I love hearing about trades that didn’t happen. Normally, us baseball outsiders don’t learn of such things until the people involved in rejecting a proposed transaction have moved on from the jobs that allowed them to make such a decision.
This makes sense. Being the general manager of a Major League Baseball club is a difficult job. No one wants to be embarrassed by refusing to pull the trigger on a big deal. And no one wants to burn any bridges by trying to publicly embarrass a colleague.
Last night, at the State of the Franchise meeting between fans and Toronto Blue Jays management, GM Alex Anthopoulos,without naming names, referred to a trade that didn’t happen because the other team wanted a Major League ready player off Toronto’s roster that he was unwilling to give up.
As Jeff Blair of the Globe And Mail tells us:
Several sources say that player was third baseman Brett Lawrie; the Blue Jays balked and instead the Mariners did some good business with the New York Yankees, landing catcher Jesus Montero.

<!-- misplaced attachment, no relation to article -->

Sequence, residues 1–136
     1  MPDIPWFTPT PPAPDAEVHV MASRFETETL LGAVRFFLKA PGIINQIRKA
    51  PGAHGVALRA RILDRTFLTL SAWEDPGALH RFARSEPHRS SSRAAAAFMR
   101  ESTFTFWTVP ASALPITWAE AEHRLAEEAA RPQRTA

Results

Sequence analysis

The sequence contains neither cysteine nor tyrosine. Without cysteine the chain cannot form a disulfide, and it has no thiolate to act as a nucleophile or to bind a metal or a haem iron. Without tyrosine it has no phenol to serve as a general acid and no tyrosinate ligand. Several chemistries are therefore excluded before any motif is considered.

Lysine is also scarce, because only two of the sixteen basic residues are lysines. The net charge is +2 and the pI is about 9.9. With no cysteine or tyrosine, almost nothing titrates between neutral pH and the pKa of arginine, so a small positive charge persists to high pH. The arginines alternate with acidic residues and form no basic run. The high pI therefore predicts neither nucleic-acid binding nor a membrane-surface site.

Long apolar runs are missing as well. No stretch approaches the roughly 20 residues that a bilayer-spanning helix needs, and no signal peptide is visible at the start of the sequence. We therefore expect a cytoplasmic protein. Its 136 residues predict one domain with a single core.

While any deal involving a Michael Pineda and Brett Lawrie swap would likely be fairer than Toronto fans would at first admit, there’s little question in my mind that the Blue Jays made the right decision in hanging on to Lawrie. What’s perhaps most remarkable is that over one season, Lawrie’s trade value was raised from being worth a number two or three starter with two years of team control (Shaun Marcum) to a potential top of the rotation stud with five more years of team control.
That’s an investment working out.